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I'm not Robert, but...

I have a 1500w oil filled heater in my 7x20. Keeps things from freezing inside until gets below 0.

I put reflective bubble insulation in my roof, but have nothing in my side walls. I run mine all winter long.

This is my 4th year using the same heater and I'm noticing the heat is not quite as good so I suspect I'm going to replace it just so it doesn't fail this winter.
Thanks. I may try that this winter.
 

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The Ultimate Wire Hider
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This is an old Boy Scout survival trick- Put your caulk in a small insulated lunch box and then put that inside of a larger cooler, bucket, or trash can full of ice or snow and bury it completely.

Water freezes at 32 degrees but it cannot get any colder. If your ambient temperature is lower than 32, the ice insulates the caulk and keeps it warm. So the better that you can cover the caulk with ice and/or snow, the more likely you can protect it from freezing.

If you've ever seen pictures of the Florida oranges covered in ice, most times the news organizations use that to intensify the story about how cold it is down there. But in all actuality, they purposely spray water on the orange trees when its below freezing in order to protect the crop. It can be 15 below outside but the oranges are safe and warm in that balmy 32 degree environment of the ice.
 

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This is an old Boy Scout survival trick- Put your caulk in a small insulated lunch box and then put that inside of a larger cooler, bucket, or trash can full of ice or snow and bury it completely.

Water freezes at 32 degrees but it cannot get any colder. If your ambient temperature is lower than 32, the ice insulates the caulk and keeps it warm. So the better that you can cover the caulk with ice and/or snow, the more likely you can protect it from freezing.

If you've ever seen pictures of the Florida oranges covered in ice, most times the news organizations use that to intensify the story about how cold it is down there. But in all actuality, they purposely spray water on the orange trees when its below freezing in order to protect the crop. It can be 15 below outside but the oranges are safe and warm in that balmy 32 degree environment of the ice.
Not quite. Ice certainly goes below freezing, but only after it's completely frozen. Regarding the orange trees, as the water freezes, heat is coming out of the water, which keeps it at 32 or above during that freezing process. But once it's completely, 100% frozen, there's no more "heat" (molecular movement) to slow down in the water molecules.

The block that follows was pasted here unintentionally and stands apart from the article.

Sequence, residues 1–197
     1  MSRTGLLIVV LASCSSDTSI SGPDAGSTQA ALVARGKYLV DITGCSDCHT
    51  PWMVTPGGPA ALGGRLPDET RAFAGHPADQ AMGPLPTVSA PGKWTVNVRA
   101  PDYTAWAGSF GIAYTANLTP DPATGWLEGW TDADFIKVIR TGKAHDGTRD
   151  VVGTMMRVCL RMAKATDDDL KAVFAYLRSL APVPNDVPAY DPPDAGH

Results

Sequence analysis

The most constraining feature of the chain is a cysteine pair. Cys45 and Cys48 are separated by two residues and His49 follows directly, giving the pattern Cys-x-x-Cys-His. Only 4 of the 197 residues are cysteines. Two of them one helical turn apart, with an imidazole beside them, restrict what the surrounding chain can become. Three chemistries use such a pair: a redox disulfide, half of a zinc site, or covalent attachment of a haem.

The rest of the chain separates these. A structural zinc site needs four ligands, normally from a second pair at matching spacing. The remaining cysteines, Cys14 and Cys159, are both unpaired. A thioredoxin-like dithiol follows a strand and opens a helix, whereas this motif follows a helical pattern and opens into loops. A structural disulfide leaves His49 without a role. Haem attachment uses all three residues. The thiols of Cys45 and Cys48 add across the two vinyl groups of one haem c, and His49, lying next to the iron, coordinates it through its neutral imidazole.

When my dad raises his tomato plants in spring in Philly, at some point the plants get big enough to be moved outside and placed in a cold frame (a short-walled structure with glass on top - kind of like a small greenhouse). If there is a late spring frost warning, he is sure to leave a couple gallon jugs of water in the cold frame. Keeps them from freezing.
 

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This is the one I use
http://www.homedepot.com/p/Holmes-Quartz-Tower-Portable-Heater-HQH307/203681006#.UrGqG_RDuQw

I think I only paid $40 for it though. It really works great to keep the chill off the tools even when it's in the single digits outside.
I purposefully chose an oil filled one. I didn't want exposed elements where there was any possible source of open ignition. Especially when parked overnight.

When I'm working inside during the day, I have a 30lb propane tank with a reddy heater on top I run.
 

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get as decent size microwave and line it with some rigid insulation.If the tubes are still frozen then nuke um.Or just fill customers sink with hot wated put the caulk in and 20 min later it's ready to use.
 

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I purposefully chose an oil filled one. I didn't want exposed elements where there was any possible source of open ignition. Especially when parked overnight.

When I'm working inside during the day, I have a 30lb propane tank with a reddy heater on top I run.
If you're aware of where things are then it shouldn't be a big deal. It has a tip over shut off and I usually put it right in the middle of the trailer with nothing close by it.
I thought about an oil one and I'm still kicking the idea around, I wouldn't mind a setup that I could use when the trailer is not plugged in.